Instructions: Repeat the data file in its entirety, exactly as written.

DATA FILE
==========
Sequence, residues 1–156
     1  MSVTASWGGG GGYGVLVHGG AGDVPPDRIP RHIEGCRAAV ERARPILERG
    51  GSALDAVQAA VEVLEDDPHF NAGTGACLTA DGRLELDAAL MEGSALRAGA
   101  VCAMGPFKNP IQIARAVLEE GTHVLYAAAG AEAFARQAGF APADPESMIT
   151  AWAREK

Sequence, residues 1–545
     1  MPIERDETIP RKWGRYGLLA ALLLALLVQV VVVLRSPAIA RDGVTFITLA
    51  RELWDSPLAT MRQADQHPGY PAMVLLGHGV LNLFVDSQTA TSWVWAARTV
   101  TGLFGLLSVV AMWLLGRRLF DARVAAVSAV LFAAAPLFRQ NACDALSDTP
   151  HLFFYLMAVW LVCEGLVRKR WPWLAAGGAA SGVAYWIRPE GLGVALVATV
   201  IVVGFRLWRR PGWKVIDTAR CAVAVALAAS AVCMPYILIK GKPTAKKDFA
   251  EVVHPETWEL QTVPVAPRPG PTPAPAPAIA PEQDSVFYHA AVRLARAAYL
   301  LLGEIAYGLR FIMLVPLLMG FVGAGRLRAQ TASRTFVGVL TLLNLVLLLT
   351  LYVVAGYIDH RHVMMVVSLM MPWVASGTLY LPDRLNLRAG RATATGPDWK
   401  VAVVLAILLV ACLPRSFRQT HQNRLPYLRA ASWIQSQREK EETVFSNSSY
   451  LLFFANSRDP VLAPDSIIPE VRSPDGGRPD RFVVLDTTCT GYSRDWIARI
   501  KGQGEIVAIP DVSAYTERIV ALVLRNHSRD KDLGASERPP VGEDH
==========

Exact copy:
Sequence, residues 1–156
     1  MSVTASWGGG GGYGVLVHGG AGDVPPDRIP RHIEGCRAAV ERARPILERG
    51  GSALDAVQAA VEVLEDDPHF NAGTGACLTA DGRLELDAAL MEGSALRAGA
   101  VCAMGPFKNP IQIARAVLEE GTHVLYAAAG AEAFARQAGF APADPESMIT
   151  AWAREK

Sequence, residues 1–545
     1  MPIERDETIP RKWGRYGLLA ALLLALLVQV VVVLRSPAIA RDGVTFITLA
    51  RELWDSPLAT MRQADQHPGY PAMVLLGHGV LNLFVDSQTA TSWVWAARTV
   101  TGLFGLLSVV AMWLLGRRLF DARVAAVSAV LFAAAPLFRQ NACDALSDTP
   151  HLFFYLMAVW LVCEGLVRKR WPWLAAGGAA SGVAYWIRPE GLGVALVATV
   201  IVVGFRLWRR PGWKVIDTAR CAVAVALAAS AVCMPYILIK GKPTAKKDFA
   251  EVVHPETWEL QTVPVAPRPG PTPAPAPAIA PEQDSVFYHA AVRLARAAYL
   301  LLGEIAYGLR FIMLVPLLMG FVGAGRLRAQ TASRTFVGVL TLLNLVLLLT
   351  LYVVAGYIDH RHVMMVVSLM MPWVASGTLY LPDRLNLRAG RATATGPDWK
   401  VAVVLAILLV ACLPRSFRQT HQNRLPYLRA ASWIQSQREK EETVFSNSSY
   451  LLFFANSRDP VLAPDSIIPE VRSPDGGRPD RFVVLDTTCT GYSRDWIARI
   501  KGQGEIVAIP DVSAYTERIV ALVLRNHSRD KDLGASERPP VGEDH